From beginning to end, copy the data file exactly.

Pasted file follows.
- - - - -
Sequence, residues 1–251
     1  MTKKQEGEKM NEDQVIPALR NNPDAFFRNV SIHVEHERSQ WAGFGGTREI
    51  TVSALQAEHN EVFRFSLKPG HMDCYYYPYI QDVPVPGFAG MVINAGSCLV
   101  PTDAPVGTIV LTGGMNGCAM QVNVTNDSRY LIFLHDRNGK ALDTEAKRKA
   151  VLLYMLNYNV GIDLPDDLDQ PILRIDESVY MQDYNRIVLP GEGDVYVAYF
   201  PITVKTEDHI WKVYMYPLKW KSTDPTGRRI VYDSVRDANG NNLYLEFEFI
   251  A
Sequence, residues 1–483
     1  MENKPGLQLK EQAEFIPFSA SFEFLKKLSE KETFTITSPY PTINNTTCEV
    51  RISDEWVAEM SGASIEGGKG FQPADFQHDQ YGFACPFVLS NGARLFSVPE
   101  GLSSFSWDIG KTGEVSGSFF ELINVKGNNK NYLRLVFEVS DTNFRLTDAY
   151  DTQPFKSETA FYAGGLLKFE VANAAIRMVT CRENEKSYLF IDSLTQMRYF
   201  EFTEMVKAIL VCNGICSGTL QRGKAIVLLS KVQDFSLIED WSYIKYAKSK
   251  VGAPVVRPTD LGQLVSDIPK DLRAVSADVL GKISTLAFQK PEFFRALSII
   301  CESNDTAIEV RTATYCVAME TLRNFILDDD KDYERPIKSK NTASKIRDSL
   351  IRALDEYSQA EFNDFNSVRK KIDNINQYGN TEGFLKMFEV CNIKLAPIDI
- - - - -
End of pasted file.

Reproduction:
Sequence, residues 1–251
     1  MTKKQEGEKM NEDQVIPALR NNPDAFFRNV SIHVEHERSQ WAGFGGTREI
    51  TVSALQAEHN EVFRFSLKPG HMDCYYYPYI QDVPVPGFAG MVINAGSCLV
   101  PTDAPVGTIV LTGGMNGCAM QVNVTNDSRY LIFLHDRNGK ALDTEAKRKA
   151  VLLYMLNYNV GIDLPDDLDQ PILRIDESVY MQDYNRIVLP GEGDVYVAYF
   201  PITVKTEDHI WKVYMYPLKW KSTDPTGRRI VYDSVRDANG NNLYLEFEFI
   251  A
Sequence, residues 1–483
     1  MENKPGLQLK EQAEFIPFSA SFEFLKKLSE KETFTITSPY PTINNTTCEV
    51  RISDEWVAEM SGASIEGGKG FQPADFQHDQ YGFACPFVLS NGARLFSVPE
   101  GLSSFSWDIG KTGEVSGSFF ELINVKGNNK NYLRLVFEVS DTNFRLTDAY
   151  DTQPFKSETA FYAGGLLKFE VANAAIRMVT CRENEKSYLF IDSLTQMRYF
   201  EFTEMVKAIL VCNGICSGTL QRGKAIVLLS KVQDFSLIED WSYIKYAKSK
   251  VGAPVVRPTD LGQLVSDIPK DLRAVSADVL GKISTLAFQK PEFFRALSII
   301  CESNDTAIEV RTATYCVAME TLRNFILDDD KDYERPIKSK NTASKIRDSL
   351  IRALDEYSQA EFNDFNSVRK KIDNINQYGN TEGFLKMFEV CNIKLAPIDI